On the death of Mxit and what I have learned

Recently Mxit, South Africa’s messaging service announced that they would be closing down. This was indeed sad for company that had seen tremendous growth and was expanding into other African and European markets. Mxit is closing down its commercial operations and transferring the IP to a public benefit organisation, The Reach Trust. Many folks in the US and many other places may not be aware that Mxit actually had more users than Whatsapp at some point. I remember using Mxit in 2010. Whatsapp was nowhere near Mxit in terms of numbers and local messaging channels. The other allure of Mxit was it was Java based, meaning folks with feature phones, like yours truly, would be able to send messages to friends for free and play games. For those who remember, Mxit also did well in part in Kenya due to the failure of SasaNet. I blogged about SasaNet here a while back. The article provides some context for those who do not know about Sasanet.

“We were never unaware of the threat of smartphones, but I personally believe that we were totally unprepared for how soon a cheap smartphone like the [MTN] Steppa would arrive, and the degree to which it would take over the feature phone market.”

Sadly, Mxit gambled on their future. Africa has seen a tremendous increase in the uptake of smart phone devices and Mxit did not anticipate a quick uptake of smart phones by most of the people in the markets they served. They were so focused on the feature phone that they not put any investment in providing smart phone client equivalents to their application. This was a huge gamble on their part. I would have expected South Africa, given is large market share on internet use and technology in general would have necessitated their need to build smart phone applications to compete with Whatsapp. This points to a gross mis-understanding of their customer. It is understandable that Mxit initially was for high schoolers and college kids for whom smart phones were not the most popular devices at their disposal. They failed to grow with the needs of their core users. Most of those who used Mxit heavily by now are working class, can afford their own smartphones and would be more likely to move to an equivalent if not better Mxit smartphone client. This happened very late. Mxit 7, the version that also shipped with smart phone client applications came to the scene too late. What I think is important to take home here is that it is equally important to keep an eye on global market technology trends and evaluate and keep re-evaluating your value proposition in such a market.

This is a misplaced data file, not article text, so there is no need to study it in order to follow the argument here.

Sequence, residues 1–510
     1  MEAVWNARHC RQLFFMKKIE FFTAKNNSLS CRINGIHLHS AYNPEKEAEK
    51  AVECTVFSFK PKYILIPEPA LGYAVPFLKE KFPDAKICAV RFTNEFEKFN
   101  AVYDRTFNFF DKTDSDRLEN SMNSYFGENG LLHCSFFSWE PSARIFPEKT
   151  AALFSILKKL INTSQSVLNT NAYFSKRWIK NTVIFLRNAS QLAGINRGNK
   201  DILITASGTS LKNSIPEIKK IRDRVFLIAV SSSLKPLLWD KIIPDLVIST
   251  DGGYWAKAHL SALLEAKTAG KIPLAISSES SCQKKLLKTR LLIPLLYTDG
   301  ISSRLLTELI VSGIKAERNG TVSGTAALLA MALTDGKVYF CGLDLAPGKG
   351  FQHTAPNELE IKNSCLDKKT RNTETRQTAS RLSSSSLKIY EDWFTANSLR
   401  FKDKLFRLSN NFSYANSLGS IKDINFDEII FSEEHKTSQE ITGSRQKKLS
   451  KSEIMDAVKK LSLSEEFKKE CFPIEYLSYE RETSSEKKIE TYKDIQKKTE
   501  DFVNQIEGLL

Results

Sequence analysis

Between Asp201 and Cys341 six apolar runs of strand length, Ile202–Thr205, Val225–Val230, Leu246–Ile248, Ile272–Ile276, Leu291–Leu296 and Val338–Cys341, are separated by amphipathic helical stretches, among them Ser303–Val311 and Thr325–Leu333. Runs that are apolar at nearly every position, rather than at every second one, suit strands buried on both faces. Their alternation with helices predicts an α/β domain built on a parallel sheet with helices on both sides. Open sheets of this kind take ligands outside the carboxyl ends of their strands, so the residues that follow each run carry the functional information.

Its a global marketplace, shape up or ship out

At times, as African developers (and yes I am also guilt of this) we lack to perceive our work or products as items that could scale globally. We are to focuses on making our products work in a hyper-localized context that we forget we operate in a global market place. Lets for a minute put our selves in the founder’s shoes. I high doubt at the early stage when Mxit was mainstream in SouthAfrica, I would have though of deploying the application to other markets. The argument to justify this position is that, we first need to understand one market very well then scale. I nowadays have a totally different theory to this. Rather than focus on one market, focus on three core markets. Is the product scalable in three large markets. Is it possible to launch the MVP in these three markets and hyper-localize for each market? Markets I use to gauge are usually South Africa, Nigeria, Kenya and Ethiopia. Capture these four markets and capturing several others should be easy.

Perception matters

Another failure of Mxit was not only the failure change with the times but also to change the narrative. For a long time Mxit was always seen as the chat application for old feature phones. The company did not try to change this narrative. This perception left a situation where users who switched to smartphones from feature phones did not see the need to have Mxit as they already had very good replacements in the name of BBM and Whatsapp.

Never serve tasteless or undercooked food

While Mxit was trying to play catch up with Whatsapp, they unleashed versions with a couple of bugs which generally got in the way of a great user experience. Bad user interface changes also resulted in high friction rates in usage leading to user seeking alternative applications. Though I am of the opinion this is a delicate balancing act. The need to balance bugs/ui changes and feature improvements.

In all it was fun using Mxit while it lasted. Requiescant in Pace Mxit!

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